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Curricular decision-making among public sex educators

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The content of sex education in government-funded schools in the USA varies dramatically and reflects its contested nature and goals. Drawing from 50 interviews with sex educators working in the public, government-funded school system in a Midwestern US state, this study explores the processes through which sex educators decide what and how to teach. Working from the theoretical framework of argument sphere theory, and, specifically, socio-scientific controversy, we find that sex educators often resolve the competing arguments they face through processes that we call deliberative conflation and deliberative co-optation. Deliberative conflation involves the use of criteria from one or more argumentative spheres to judge evidence appropriate to a different sphere. Deliberative co-optation involves the use of discourse practices from one sphere to make arguments actually grounded in another. Both of these processes enable the reconciliation of otherwise incommensurate arguments, but they do so in ways that foster unstable and ambiguous curricular decisions. Our findings provide guidance towards improving sex education and its attendant outcomes.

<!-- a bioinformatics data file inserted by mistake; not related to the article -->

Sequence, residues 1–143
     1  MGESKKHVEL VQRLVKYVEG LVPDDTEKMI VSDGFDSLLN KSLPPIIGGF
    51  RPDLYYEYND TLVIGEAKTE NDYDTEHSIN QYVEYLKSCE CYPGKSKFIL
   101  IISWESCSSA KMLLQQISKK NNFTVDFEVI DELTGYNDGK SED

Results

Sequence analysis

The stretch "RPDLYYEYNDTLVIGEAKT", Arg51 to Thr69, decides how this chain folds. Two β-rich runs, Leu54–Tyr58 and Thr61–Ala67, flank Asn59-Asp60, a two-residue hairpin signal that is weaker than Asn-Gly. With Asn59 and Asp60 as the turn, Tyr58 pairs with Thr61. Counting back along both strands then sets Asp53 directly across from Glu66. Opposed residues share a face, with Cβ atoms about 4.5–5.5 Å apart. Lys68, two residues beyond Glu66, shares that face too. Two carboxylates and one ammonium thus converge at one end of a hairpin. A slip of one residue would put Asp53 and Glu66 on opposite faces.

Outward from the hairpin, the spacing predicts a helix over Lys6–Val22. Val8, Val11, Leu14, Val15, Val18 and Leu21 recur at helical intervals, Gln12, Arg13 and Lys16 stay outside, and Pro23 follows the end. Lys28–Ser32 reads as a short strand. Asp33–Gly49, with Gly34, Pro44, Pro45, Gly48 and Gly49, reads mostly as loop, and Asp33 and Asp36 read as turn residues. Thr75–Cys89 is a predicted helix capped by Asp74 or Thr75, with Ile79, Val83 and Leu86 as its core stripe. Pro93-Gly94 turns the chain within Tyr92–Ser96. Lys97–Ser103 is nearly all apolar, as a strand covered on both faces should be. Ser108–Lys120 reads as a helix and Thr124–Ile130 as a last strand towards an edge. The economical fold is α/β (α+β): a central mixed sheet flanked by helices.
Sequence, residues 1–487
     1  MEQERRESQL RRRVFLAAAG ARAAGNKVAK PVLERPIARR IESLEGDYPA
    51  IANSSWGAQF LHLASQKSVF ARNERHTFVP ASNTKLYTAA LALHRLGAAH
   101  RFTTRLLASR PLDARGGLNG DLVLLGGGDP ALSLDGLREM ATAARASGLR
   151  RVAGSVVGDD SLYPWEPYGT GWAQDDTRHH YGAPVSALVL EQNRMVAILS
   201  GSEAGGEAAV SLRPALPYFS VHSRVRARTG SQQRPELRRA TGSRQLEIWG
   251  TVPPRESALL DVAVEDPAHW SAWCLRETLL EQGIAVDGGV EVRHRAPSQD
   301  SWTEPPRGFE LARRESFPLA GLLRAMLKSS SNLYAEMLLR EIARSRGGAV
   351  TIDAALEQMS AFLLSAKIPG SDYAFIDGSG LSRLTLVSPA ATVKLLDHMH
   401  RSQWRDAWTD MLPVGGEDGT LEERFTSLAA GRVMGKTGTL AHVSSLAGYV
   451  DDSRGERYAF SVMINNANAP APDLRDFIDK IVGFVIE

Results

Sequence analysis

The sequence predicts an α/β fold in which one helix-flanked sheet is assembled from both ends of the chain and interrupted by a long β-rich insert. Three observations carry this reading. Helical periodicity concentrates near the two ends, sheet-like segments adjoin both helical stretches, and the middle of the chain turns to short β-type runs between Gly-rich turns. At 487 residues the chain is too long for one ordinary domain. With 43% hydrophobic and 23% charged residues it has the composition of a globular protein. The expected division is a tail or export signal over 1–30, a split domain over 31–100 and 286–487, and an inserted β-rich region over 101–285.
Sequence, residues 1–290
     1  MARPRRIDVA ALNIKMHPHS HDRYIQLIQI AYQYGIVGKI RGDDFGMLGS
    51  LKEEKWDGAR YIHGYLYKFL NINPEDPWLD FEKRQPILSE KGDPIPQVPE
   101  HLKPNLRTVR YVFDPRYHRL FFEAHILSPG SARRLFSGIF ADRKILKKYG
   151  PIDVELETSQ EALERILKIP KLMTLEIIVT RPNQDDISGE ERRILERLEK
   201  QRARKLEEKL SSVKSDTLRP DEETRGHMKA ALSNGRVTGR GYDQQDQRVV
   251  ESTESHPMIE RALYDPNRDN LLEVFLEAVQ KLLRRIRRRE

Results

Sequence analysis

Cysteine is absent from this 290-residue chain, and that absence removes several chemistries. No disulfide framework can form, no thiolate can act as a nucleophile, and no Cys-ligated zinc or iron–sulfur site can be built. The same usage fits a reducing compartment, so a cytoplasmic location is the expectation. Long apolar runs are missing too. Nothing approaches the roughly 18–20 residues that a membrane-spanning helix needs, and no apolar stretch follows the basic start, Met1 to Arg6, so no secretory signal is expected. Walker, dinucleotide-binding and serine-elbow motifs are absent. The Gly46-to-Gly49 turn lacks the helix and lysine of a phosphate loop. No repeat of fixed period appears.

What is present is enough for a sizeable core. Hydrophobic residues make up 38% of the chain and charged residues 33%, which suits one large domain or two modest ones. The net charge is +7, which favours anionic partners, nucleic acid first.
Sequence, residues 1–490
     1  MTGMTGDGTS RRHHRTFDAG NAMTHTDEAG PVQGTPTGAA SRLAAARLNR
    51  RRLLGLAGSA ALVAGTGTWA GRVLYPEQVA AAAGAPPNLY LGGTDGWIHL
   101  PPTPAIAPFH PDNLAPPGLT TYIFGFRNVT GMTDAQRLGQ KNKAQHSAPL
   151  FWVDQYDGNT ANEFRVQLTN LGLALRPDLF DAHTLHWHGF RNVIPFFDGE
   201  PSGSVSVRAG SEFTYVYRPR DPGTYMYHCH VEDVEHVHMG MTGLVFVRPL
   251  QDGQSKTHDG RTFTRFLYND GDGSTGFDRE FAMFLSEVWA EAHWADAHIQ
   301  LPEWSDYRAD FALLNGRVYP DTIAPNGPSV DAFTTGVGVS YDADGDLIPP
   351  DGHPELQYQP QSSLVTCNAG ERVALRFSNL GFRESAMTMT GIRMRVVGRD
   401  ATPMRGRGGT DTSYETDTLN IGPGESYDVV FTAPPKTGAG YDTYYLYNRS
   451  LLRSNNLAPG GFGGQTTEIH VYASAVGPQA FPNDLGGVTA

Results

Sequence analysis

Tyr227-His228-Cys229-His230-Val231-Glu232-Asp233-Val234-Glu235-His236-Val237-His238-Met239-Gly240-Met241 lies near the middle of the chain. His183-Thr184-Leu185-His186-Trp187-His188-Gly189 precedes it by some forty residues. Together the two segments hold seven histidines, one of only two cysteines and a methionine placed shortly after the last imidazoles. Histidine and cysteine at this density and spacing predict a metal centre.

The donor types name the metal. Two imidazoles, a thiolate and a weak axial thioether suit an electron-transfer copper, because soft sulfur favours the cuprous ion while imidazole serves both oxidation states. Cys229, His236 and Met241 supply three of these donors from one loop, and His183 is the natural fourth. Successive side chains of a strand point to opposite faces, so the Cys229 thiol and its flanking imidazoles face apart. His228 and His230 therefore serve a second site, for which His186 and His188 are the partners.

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Keywords: USA; decision-making; schools; sex education; socio-scientific controversy

Document Type: Research Article

Affiliations: 1: Brian Lamb School of Communication, Purdue University, West Lafayette, IN, USA 2: Department of Communication, University of Utah, Salt Lake City, UT, USA

Publication date: November 2, 2014

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